I have a confession to make.
I didn’t know what I was doing on June 11, 1991, when I asked you to marry me. I hadn’t thought things through. I didn’t consult a list to see if you “checked all the boxes,” or consider how I was going to support us. I just knew I wanted to spend the rest of my life with you. I also had no clue about the sacred covenant I was entering into on January 11, 1992, when I took you as my wife. All I knew was that I loved you, and I would never stop.
Typically on occasions like this, our 26th anniversary, I wax romantic and talk about what an incredible wife and mom you are; brave, beautiful, bold, brilliant. And, while those things are even truer today than the last time I said them, the topic that has most captured my attention this anniversary is the marriage itself.
Considering my confession above about entering into this thing ignorant and unprepared, how did we rate the good fortune of such a beautiful union? It’s tempting to write it off as an impetuous decision of youth that turned out lucky. We were just a couple of flawed kids who dug each other and wanted to give it a go. But, as I think about these past 26 years and marvel at the strength and beauty of our marriage, it’s glaringly obvious that it could not be the product of dumb luck. Luck might account for finding a $100 bill on the sidewalk, but it can’t account for a vibrant relationship that has lasted more than a quarter of a century.
So how did we get here? We didn’t much prepare for it, and we haven’t worked all that hard at it along the way, either. Sure, we’ve invested a lot of time and effort over the years. But that came from a place of love and gratitude rather than sacrifice and struggle, so it didn’t feel like hard work to me. We’ve never had to muscle through tenuous times as a man and woman, reminding ourselves of the importance of staying together. We may have had struggles in other areas—with our finances, our businesses, our music, our kids—but never with each other. There’s never been a time when our marriage was on the ropes, much less on the rocks.
So, why us? How did we end up doing so well? Maybe it’s because of my uncanny husband instincts and your finely honed wife skills. Or perhaps it’s because I have the patience of a saint, and you have the wisdom of a queen. Ha! No, the truth is that our marriage is not great because we are great, but because God is great. Before we had any idea what we were doing, God chose, in His grace, for reasons that are His alone, to bless us with this gift. I’m convinced that just like God’s love, this marriage is not something we earned, it’s something we were given. He drew us together, then drew us to Himself.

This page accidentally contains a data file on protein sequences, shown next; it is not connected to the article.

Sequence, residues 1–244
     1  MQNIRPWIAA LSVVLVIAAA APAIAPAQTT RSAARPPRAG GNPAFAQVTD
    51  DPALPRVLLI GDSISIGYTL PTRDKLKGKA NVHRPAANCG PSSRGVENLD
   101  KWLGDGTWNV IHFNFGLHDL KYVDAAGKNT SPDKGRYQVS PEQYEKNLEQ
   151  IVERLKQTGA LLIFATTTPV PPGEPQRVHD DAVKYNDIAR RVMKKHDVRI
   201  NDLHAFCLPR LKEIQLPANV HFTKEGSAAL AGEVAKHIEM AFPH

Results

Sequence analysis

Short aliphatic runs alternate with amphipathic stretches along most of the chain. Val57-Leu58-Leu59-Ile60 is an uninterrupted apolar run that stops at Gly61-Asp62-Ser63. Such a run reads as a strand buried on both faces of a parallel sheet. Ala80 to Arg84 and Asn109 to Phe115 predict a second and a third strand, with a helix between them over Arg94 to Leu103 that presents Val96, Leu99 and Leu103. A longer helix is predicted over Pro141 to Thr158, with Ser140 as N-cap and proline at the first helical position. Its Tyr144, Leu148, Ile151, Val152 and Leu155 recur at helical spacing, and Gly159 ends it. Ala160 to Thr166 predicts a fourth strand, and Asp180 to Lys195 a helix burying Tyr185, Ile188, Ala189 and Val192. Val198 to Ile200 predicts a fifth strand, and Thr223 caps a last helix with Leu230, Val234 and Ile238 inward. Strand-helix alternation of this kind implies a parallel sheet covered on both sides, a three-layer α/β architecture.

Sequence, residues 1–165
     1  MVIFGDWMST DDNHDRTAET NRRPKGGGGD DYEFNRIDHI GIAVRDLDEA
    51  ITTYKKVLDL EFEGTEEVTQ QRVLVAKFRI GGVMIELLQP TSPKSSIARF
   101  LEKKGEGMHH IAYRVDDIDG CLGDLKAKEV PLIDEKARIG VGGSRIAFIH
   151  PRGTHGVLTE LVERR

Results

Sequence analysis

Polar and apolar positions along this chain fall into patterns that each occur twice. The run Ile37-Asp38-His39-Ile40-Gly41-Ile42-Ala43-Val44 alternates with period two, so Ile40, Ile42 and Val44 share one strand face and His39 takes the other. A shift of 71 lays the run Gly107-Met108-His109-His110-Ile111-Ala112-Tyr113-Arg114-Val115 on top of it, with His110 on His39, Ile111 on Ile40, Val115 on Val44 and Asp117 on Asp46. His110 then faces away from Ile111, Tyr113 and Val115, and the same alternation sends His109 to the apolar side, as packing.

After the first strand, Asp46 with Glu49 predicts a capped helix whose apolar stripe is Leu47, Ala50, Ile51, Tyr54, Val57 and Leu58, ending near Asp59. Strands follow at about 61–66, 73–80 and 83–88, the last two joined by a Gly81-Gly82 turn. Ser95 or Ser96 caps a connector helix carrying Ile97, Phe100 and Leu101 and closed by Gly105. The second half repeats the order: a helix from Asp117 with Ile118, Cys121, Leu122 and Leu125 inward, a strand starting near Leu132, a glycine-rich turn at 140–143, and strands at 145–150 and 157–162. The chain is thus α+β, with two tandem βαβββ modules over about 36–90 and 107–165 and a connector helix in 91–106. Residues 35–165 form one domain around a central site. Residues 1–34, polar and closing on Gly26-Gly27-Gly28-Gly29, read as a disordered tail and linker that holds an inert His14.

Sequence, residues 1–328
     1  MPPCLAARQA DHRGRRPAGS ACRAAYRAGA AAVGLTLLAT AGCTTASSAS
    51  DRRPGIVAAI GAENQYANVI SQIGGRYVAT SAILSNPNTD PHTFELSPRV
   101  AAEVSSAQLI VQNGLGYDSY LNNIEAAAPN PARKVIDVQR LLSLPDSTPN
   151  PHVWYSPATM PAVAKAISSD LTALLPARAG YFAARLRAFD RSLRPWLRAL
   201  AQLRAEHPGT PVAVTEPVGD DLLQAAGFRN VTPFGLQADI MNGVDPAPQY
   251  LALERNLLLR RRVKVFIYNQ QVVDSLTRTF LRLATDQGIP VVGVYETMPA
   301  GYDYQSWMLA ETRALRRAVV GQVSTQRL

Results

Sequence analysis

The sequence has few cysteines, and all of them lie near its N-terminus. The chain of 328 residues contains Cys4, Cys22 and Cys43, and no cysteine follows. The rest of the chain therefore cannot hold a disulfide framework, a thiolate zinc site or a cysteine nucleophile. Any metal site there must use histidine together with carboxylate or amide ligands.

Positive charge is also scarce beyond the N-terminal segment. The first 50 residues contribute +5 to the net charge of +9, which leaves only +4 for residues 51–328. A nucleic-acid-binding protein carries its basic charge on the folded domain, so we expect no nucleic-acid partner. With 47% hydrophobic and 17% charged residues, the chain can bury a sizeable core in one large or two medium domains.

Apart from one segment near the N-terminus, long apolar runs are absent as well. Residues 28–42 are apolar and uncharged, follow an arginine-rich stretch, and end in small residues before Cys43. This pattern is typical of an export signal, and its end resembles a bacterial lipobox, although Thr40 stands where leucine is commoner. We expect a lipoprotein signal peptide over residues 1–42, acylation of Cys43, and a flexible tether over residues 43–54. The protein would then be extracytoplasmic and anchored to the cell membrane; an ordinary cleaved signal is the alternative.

Because God (not us) has made this union strong, we can’t boast about it. And because it was made for His glory, not ours, we can’t take it lightly. All we did was decide early on—when our faith was weak, and our walk unsure—to let Him into our lives. And He gave us the gift of a beautiful marriage from which so many blessings have emerged, not the least of which is our two marvelous daughters. The world offers happiness and pleasure for a moment. But it’s void of real meaning and unable to satisfy. By the grace of God, our marriage has brought us steadfast joy, rather than fleeting happiness. It’s become a safe place where we can be vulnerable, a sanctuary where we can grow, love, grieve, heal, and celebrate together.
How astonishing to realize that today, 26 years later, you are every bit as committed and devoted to me as I am to you. We have come to see each other through the eyes of Christ. Which is not to say we are perfect, far from it. Over the years, we’ve argued, gone through seasons of closeness and seasons where we need space, made mistakes, said things we shouldn’t. But despite our flaws, because of our commitment to each other, through the faith God has given us, you and I have enjoyed the comfort of knowing that we are ultimately loved, forgiven, and accepted by one another. This is Christ in us.
Today I’m a little wiser and more mature than when we met. I know you a whole lot better than I did back then, and I’ve finally begun to understand the weighty sacredness of holy matrimony. From this vantage point, knowing what I know now, I would marry you again in a heartbeat. You are still my brave, beautiful bride. I still love you with the passionate abandon of youth. But now that love has deepened and matured, and it’s become even more real.
I am so thankful to God for 26 amazing years at your side. And I’m praying that in His boundless grace we’ve got at least another 40 to go.
Happy Anniversary, Debbie Doll.
(Author’s note: The large image at the top of this article is the Minneapolis park bench where I first proposed to Deb in 1992. We visited the same spot 24 years later where our oldest daughter Sami took this photo.)